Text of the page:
Additional meta-analysis of published literature indicated that only a handful of studies, the majority of which have been carried out on volcanic parent materials, have successfully linked abundances of selectively dissolved Fe and Al to Δ14OC. These volcanic parent materials make up less than 1% of surface area in the conterminous US and typically have very high concentrations of extractable Fe and Al (Supplementary Table 4; Soller et al. 2009). The uniqueness of these soils may limit the applicability of a conceptual model which relies on reactive Fe- and Al-oxyhydroxide phases as primary regulators of SOC persistence and turnover. This is not to say that lower concentrations of extractable Fe and Al are not involved in stabilization mechanisms, only that they may be present in concentrations insufficient to substantially impact bulk soil C persistence in the majority of cases. This assertion is supported by our results, which showed that C persistence in forest soils was solely and strongly linked to depth (R2 = 0.735, p < 0.0001) rather than extractable metals. The strong dependence of forest SOC persistence on depth may further support the importance of factors such as oxygen and moisture scarcity as well as reduced inputs at depth as a primary driver of SOC stabilization (Bernal et al. 2016; Keiluweit et al. 2016).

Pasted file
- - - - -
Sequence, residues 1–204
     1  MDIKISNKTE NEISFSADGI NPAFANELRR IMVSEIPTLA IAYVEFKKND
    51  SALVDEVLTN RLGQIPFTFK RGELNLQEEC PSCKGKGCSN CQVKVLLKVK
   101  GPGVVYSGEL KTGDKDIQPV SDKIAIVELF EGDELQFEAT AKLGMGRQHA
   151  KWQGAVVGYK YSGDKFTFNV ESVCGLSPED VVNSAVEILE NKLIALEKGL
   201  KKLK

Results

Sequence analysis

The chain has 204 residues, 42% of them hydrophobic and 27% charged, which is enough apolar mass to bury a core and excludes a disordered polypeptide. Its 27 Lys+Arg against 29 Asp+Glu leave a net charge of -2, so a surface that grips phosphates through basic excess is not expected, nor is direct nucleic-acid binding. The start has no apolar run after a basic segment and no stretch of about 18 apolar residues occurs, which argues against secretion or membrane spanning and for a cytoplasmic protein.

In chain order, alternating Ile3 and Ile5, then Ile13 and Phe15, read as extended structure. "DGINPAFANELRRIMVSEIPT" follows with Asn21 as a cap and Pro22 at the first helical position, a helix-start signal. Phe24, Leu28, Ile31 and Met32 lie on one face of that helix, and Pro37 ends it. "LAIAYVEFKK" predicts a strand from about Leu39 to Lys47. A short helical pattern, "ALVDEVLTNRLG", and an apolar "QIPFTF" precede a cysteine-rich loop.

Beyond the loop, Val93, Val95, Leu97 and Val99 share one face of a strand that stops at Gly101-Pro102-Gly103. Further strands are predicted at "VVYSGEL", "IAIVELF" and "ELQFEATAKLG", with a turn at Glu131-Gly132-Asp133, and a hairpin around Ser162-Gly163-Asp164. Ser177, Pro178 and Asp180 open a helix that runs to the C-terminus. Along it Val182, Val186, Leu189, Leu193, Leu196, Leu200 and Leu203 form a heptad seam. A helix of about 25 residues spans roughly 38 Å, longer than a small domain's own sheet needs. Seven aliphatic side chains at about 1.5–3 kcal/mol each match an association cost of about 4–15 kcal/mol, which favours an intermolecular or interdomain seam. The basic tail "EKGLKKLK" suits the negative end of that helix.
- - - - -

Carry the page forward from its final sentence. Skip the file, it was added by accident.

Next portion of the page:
Soil pH and its relationship to climate and stabilization mechanisms